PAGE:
SINGAPORE - A 79-year-old man has become the third dengue fatality in Singapore this year.
He died yesterday (Nov 28). The first dengue death this year was a 53-year-old female Chinese national who died in February. In September, a 60-year-old female Indian national was the second casualty.
In 2014, five people died of the mosquito-borne disease.
Here are some dengue-related stories from The Straits Times archives.
Scientists discover a type of white blood cell that can destroy dengue cells
This article was first published on Apr 23, 2015
Scientists from Singapore have found that a type of white blood cell located in the skin plays a vital role in destroying dengue cells.
The cells called T lymphocytes (T cells) can prevent the dengue-infected cells from multiplying in the body. These white blood cells are mostly found in the skin.
Potent dengue antibody discovered
This article was first published on Feb 21, 2015
Researchers in Singapore have identified a super-potent antibody that they say can kill one of the four dengue virus serotypes.
Just a very small amount - 0.000000005g of the antibody, called 5J7 - is needed to kill the serotype 3 virus. That means its use in drugs is likely to be cheaper.
20 minutes to detect dengue with saliva?
This article was first published on Jan 30, 2015
Finding out whether you have been infected with dengue could soon be as easy as spitting into a rapid test kit.
Scientists from the Institute of Bioengineering and Nanotechnology (IBN) have developed a kit which could in theory detect if people have diseases such as HIV and dengue, using just a sample of their saliva.
Dengue strain's return a worry
This article was first published on Sept 14, 2014
Another dengue strain is resurfacing in Singapore, raising the spectre of a new wave of infections here. This warning by the National Environment Agency (NEA) yesterday came alongside the news that a third person has died of dengue this year.
An 81-year-old woman was first diagnosed with the mosquito-borne disease at Tan Tock Seng Hospital's emergency department last Saturday, and died in hospital yesterday.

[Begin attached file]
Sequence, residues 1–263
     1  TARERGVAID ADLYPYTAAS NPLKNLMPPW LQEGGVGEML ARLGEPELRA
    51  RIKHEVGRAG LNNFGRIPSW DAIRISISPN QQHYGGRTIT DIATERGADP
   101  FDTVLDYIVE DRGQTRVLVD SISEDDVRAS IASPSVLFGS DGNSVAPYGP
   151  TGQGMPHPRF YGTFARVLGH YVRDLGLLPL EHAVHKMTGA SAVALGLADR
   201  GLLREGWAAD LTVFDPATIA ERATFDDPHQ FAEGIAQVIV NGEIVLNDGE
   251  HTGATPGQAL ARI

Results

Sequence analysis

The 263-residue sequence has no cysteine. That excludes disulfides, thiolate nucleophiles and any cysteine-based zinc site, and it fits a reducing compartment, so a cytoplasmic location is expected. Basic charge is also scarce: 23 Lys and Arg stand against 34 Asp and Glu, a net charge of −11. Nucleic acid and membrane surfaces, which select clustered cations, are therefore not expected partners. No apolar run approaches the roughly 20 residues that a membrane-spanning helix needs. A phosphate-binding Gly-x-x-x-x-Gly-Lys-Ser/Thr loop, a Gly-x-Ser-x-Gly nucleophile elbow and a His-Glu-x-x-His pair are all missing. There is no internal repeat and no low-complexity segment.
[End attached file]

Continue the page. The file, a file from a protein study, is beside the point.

New dengue vaccine 'not effective enough for Singapore'
This article was first published on Aug 5, 2014
A new dengue vaccine to be marketed by French pharmaceutical company Sanofi next year is "not good enough" for Singapore, said Environment and Water Resources Minister Vivian Balakrishnan in Parliament yesterday.
He was responding to queries from Members of Parliament on when the vaccine and other new drugs would hit the shelves here.
Student creates website to highlight dengue outbreaks
This article was first published on Aug 4, 2014
A postgraduate student has gone online to do his bit in the fight against dengue.
Mr Xie Rufeng, a 32-year-old who is doing a master's degree in computer science at the National University of Singapore, has set up a website that tracks outbreaks of the disease here.
Better equipped to handle dengue
This article was first published on July 17, 2014
After two days of high fever, a 35-year-old regional manager of a business firm went to see his family doctor.
He was supposed to attend an important overseas meeting and wanted to know if he was fit to travel.
Singapore may release sterile mozzies to combat dengue
This article was first published on Oct 18, 2014
If the males shoot blanks, female mosquitoes will not be able to create new dengue-spreaders.
That is why Singapore could be releasing millions of sterile male mosquitoes here, if field studies are successful, say experts who have backed the plan.
Singapore may be among first in world to get dengue vaccine
This article was first published on June 16, 2014
The world's first dengue vaccine could be ready by the end of next year, and Singapore may be one of the first countries to get it.
The need could not be greater. Dengue is the fastest spreading vector-borne viral disease, says the World Health Organisation, and is endemic in over 100 countries. Four in 10 people are at risk of getting infected.
Singapore scientists crack 'sneak tactics' of dengue virus
This article was first published on Jan 14, 2014
Scientists in Singapore have discovered how the dengue virus manages to slip past the body's immune safeguards.
A team of researchers, led by Duke-NUS associate professor Ooi Eng Eong, believes its findings will help to develop a "more targeted" vaccine against the mosquito-borne virus.
To beat dengue, know thy enemy
IN 2005, Singapore reported 14,000 dengue cases, the highest number in its history.
This year, however, has been worse. By October, the number of reported cases had passed 18,000, with six deaths.
Not surprisingly, a common question is being asked: "Are we making good progress in the management of dengue?"
Dengue danger zones: 5 design features prone to breeding mosquitoes
This article was first published on July 28, 2014
Rubbish bins, flat roofs and spotlights may seem like regular, harmless fixtures in our working and living spaces, but they can silently harbour killers.
These are some areas that, because of their design, can turn into breeding grounds for Aedes aegypti, the mosquito which transmits dengue fever.